Wednesday January 24 11:27 PM ET
Crew of Leaky Galapagos Boat Charged

By GONZALO SOLANO, Associated Press Writer

PUERTO BAQUERIZO, Galapagos Islands (AP) - As rangers worked Wednesday to net wildlife stained and dazed by an oil spill, authorities arrested the captain of the leaking tanker and pledged stronger protections for these islands renowned for their unique animals and birds.

Capt. Tarquino Arevalo and 13 crewmen from the tanker Jessica were ordered confined to a military base on San Cristobal island pending formal charges, Merchant Marines Vice Adm. Gonzalo Vega said Wednesday.

Arevalo and the tanker's owners could face two to four years in prison if convicted of negligence or crimes against the environment. Ecuadorean Environment Minister Rodolfo Rendon said he was pushing to have them all jailed pending the investigation.

Officials have said the Jessica ran aground after a signal buoy was mistaken for a lighthouse. They blamed human error - an allegation Arevalo admitted to in an interview with the British Broadcasting Corp. He said he confused two landmarks, leading to the accident.

``It's very, very hard,'' he said in the interview aired Wednesday and posted on the BBC Web site. ``I know what's happened but what can I do now?''

Arevalo said he has not slept since the accident and knows the islanders blame him. ``If they want to kill, kill me, but I need a little peace,'' he said.

Efforts to reach Arevalo for more comment were unsuccessful Wednesday.

The arrests come eight days after the Jessica ran aground off San Cristobal Island, one of the Galapagos chain. Over the days that followed, the ship leaked at least 185,000 gallons of diesel fuel into this fragile ecosystem, one populated by species found nowhere else in the world and an inspiration for Charles Darwin's theory of evolution.

Only one pelican and two seagulls are known to have died. But dozens of other birds and marine animals - sea lions, seagulls, blue-footed boobies and albatrosses - also have been affected, officials at the Galapagos' sprawling wildlife park said.

And while scientists here say the spill could have been much worse, the long-term environmental damage to the islands 600 miles off the mainland remains unclear.

``We are trying at all costs to prevent the fuel from reaching land,'' said biologist Harry Reyes, who helped set up a perimeter of buoys around the spill.

One environmental workers said Wednesday that the spill was under control.

``We were very worried at first, but what has happened is not so grave,'' Carlos Valle, the Galapagos coordinator for the World Wildlife Fund, told The Associated Press.

Treading carefully over fuel-slicked rocks on Wednesday, park ranger Navil Segovia approached one pelican, sluggish and stained black with diesel fuel.

He netted the bird, then carefully embraced it around its chest, its wings folded in. The pelican was then loaded onto a vehicle and taken to a control center, where it will be cleaned before being released.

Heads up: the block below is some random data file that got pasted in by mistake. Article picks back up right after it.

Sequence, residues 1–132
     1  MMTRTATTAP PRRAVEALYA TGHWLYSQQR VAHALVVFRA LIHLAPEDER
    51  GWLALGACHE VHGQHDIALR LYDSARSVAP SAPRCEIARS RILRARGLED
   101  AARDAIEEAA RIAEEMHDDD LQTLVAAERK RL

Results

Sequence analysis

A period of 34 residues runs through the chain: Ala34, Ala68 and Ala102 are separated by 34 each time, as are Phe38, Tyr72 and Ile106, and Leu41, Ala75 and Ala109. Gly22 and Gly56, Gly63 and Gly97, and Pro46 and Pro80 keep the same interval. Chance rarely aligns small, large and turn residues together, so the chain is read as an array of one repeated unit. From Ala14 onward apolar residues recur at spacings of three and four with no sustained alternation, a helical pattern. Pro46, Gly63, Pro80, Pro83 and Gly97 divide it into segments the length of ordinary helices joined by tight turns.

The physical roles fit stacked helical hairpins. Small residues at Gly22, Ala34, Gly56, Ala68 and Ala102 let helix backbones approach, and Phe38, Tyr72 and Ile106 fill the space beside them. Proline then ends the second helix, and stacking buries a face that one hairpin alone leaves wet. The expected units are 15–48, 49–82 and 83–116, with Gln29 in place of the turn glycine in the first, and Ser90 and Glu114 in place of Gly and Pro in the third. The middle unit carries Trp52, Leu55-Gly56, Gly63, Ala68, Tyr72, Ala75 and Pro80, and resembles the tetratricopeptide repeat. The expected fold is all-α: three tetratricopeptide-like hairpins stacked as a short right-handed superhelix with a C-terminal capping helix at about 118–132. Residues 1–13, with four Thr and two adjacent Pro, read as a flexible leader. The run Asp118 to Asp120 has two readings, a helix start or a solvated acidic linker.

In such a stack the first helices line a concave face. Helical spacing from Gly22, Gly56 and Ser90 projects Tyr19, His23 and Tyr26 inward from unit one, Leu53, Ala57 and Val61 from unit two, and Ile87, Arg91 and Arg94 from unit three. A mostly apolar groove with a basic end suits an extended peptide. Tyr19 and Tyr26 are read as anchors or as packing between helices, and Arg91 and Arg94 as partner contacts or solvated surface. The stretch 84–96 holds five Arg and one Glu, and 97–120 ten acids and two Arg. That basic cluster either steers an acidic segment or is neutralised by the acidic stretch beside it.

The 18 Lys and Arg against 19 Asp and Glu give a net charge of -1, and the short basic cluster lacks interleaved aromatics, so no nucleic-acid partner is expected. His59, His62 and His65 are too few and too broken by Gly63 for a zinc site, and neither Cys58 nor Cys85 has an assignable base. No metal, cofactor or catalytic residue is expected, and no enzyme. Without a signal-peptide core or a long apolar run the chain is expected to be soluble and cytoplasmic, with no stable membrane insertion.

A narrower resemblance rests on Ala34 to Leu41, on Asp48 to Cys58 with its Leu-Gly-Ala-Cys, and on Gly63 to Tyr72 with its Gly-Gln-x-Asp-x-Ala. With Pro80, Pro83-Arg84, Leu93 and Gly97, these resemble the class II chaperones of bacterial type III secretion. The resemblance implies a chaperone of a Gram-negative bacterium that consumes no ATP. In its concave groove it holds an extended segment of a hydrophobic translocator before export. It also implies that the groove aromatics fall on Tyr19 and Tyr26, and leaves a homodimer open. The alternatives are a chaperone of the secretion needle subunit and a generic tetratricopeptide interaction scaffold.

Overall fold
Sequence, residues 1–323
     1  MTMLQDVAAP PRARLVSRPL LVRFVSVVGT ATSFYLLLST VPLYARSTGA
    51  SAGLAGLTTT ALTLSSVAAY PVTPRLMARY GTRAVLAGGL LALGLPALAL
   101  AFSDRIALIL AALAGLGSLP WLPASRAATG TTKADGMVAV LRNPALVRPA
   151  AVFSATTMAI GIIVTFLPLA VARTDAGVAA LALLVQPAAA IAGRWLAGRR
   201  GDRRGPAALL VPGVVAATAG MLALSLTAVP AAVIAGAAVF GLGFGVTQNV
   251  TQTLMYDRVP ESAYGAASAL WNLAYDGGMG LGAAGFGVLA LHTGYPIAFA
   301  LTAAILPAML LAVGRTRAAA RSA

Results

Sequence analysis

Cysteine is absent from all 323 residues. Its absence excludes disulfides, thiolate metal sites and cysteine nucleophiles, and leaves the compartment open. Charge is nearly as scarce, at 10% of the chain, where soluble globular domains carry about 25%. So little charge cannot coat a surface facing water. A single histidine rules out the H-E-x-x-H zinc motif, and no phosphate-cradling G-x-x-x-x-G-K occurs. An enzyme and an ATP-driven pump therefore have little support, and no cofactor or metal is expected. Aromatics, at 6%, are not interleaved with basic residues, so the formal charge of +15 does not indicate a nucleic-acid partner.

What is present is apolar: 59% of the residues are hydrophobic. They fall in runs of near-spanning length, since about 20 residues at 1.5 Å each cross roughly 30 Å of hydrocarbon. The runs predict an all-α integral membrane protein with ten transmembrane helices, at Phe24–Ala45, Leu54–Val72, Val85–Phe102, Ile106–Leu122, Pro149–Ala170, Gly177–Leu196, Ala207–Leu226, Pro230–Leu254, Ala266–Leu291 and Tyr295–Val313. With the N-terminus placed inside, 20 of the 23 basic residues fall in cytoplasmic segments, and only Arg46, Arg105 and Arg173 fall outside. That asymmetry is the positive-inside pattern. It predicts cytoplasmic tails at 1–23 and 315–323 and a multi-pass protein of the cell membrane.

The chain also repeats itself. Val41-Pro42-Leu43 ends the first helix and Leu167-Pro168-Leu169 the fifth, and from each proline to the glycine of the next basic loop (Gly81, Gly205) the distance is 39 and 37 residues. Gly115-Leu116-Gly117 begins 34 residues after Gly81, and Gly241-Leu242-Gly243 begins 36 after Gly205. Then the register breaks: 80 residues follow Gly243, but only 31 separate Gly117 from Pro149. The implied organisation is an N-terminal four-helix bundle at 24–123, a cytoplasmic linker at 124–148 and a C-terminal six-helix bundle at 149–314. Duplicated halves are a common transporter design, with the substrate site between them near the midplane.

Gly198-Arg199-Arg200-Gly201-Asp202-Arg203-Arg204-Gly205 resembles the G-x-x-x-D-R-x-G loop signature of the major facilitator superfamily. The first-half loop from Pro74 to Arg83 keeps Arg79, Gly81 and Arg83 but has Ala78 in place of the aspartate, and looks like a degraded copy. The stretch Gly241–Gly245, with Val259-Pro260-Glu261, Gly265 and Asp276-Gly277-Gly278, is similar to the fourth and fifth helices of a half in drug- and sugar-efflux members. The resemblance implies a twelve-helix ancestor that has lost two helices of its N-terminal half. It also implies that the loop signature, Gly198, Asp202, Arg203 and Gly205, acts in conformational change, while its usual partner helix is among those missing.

``It wasn't difficult to catch because it was dazed,'' Segovia said.

About 200 volunteers, park rangers and environmental experts searched for affected wildlife along the shores of San Cristobal and Santa Fe Island, 37 miles to the west, home to large colonies of sea lions and marine iguanas. Four sea lion cubs were cleaned and released Wednesday, said park director Eliecer Cruz.

Some conservationists fear the fuel will sink to the ocean floor, destroying algae vital to the food chain and threatening marine iguanas, sharks, birds that feed off fish and other species.

Conservationists worldwide demanded that Ecuador take greater steps to protect the Galapagos. And Rendon said the country is doing so: He said new legislation is being written to require special permission and insurance for all vessels entering the Galapagos with more than 10 gallons of fuel aboard.

Shipping authorities have confirmed that the Jessica was not insured for environmental contamination, he said. International shipping rules require such insurance for vessels carrying 2,000 tons of fuel, while the Jessica had only 300 tons aboard, Galapagos park officials said.

``We are writing up the regulations to establish what fuels can enter the Galapagos, and moreover, that the minimum amount possible is used,'' Rendon said.

The 28-year-old tanker Jessica is owned by the Ecuadorean company Acotramar. It regularly transported diesel and bunker, a heavy fuel used by tour boats, from the mainland into the Galapagos, Ecuador's main tourist attraction.

It was carrying a cargo of some 234,000 gallons of fuel when it hit bottom 550 yards off San Cristobal, the easternmost island in the archipelago.

Thousands of gallons were safely removed from the tanker after it hit, but much more spilled into the water. Authorities had suspended oil recovery operations and were waiting out rough tides when the last of the ship's cargo - an estimated 15,000 to 20,000 gallons of fuel - spilled out late Tuesday, apparently after pounding surf tore new ruptures in the hull.